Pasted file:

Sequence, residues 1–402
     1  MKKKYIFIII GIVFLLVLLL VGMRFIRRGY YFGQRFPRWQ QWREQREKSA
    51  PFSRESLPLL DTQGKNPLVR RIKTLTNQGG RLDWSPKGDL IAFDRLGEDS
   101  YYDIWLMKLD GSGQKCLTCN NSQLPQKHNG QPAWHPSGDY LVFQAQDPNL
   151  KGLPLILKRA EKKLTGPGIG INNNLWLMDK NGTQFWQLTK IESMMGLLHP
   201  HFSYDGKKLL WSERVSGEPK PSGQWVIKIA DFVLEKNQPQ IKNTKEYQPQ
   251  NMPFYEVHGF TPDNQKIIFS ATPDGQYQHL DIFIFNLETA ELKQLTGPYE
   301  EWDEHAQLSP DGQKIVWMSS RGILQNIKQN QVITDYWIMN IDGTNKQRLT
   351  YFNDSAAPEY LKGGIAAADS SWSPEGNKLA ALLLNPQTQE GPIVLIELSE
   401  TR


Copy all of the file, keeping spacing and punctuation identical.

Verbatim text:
Sequence, residues 1–402
     1  MKKKYIFIII GIVFLLVLLL VGMRFIRRGY YFGQRFPRWQ QWREQREKSA
    51  PFSRESLPLL DTQGKNPLVR RIKTLTNQGG RLDWSPKGDL IAFDRLGEDS
   101  YYDIWLMKLD GSGQKCLTCN NSQLPQKHNG QPAWHPSGDY LVFQAQDPNL
   151  KGLPLILKRA EKKLTGPGIG INNNLWLMDK NGTQFWQLTK IESMMGLLHP
   201  HFSYDGKKLL WSERVSGEPK PSGQWVIKIA DFVLEKNQPQ IKNTKEYQPQ
   251  NMPFYEVHGF TPDNQKIIFS ATPDGQYQHL DIFIFNLETA ELKQLTGPYE
   301  EWDEHAQLSP DGQKIVWMSS RGILQNIKQN QVITDYWIMN IDGTNKQRLT
   351  YFNDSAAPEY LKGGIAAADS SWSPEGNKLA ALLLNPQTQE GPIVLIELSE
   401  TR